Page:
Pamela Hansford Johnson | Criticism

This literature criticism consists of approximately 1 page of analysis & critique of Pamela Hansford Johnson.
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Reading [The Survival of the Fittest] is a curious experience; vague and casual from moment to moment, it is nevertheless compulsive and cumulatively gripping. Its mood is elegiac: characters, places, periods, history, are evoked, suggested, rather than solidly dramatic. There are moments of drama—Polly's terror, the richly amoral Georgina's blank and intense misery over a one-page divorce, her convincing and detailed discovery after remarrying her husband of a sexual satisfaction that precludes the need for further exploration.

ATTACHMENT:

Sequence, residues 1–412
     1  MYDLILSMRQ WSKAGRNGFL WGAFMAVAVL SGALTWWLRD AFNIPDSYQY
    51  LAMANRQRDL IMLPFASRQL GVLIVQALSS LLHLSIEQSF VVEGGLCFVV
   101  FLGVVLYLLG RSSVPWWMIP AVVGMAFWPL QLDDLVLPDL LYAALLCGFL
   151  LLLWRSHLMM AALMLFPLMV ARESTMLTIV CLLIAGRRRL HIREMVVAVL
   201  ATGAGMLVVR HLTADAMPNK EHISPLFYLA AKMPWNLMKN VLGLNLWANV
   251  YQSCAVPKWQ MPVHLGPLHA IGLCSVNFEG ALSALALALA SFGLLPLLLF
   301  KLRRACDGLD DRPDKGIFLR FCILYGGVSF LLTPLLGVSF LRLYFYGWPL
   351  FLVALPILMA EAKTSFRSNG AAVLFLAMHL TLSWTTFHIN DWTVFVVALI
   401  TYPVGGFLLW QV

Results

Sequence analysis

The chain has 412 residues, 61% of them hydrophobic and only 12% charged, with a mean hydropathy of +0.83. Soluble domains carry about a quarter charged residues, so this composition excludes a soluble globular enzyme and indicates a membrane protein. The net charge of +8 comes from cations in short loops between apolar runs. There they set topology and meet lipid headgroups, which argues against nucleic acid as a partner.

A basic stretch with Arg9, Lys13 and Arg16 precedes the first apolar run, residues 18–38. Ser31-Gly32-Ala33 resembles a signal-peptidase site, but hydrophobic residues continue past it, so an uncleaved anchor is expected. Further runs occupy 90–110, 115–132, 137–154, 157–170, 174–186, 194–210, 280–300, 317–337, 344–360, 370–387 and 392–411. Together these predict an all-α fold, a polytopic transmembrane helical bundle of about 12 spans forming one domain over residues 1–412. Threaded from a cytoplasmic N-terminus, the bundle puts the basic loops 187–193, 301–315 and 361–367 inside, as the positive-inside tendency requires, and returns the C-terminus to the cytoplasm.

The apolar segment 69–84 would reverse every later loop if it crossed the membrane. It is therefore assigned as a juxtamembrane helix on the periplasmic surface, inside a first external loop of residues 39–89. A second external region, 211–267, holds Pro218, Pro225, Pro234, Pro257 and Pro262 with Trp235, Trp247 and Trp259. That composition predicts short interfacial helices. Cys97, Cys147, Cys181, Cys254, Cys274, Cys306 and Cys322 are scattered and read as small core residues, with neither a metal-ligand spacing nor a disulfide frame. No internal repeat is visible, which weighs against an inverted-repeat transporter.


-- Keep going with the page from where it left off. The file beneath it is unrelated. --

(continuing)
But events are subordinated to a sense of the long emotional shifts and structures of whole lives, and the group's corporate life. All the time tone and style are muted, close to cliché, never sharp. In her wartime trilogy Pamela Hansford Johnson created in precise detail a whole world of black market, shell shock, rationing, requisitioning, button-polishing. Here she builds with a few light touches, appealing to the memory of...

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This section contains 250 words
(approx. 1 page at 300 words per page)
Buy the Critical Essay by A. S. Byatt
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Critical Essay by A. S. Byatt from Gale. ©2005-2006 Thomson Gale, a part of the Thomson Corporation. All rights reserved.
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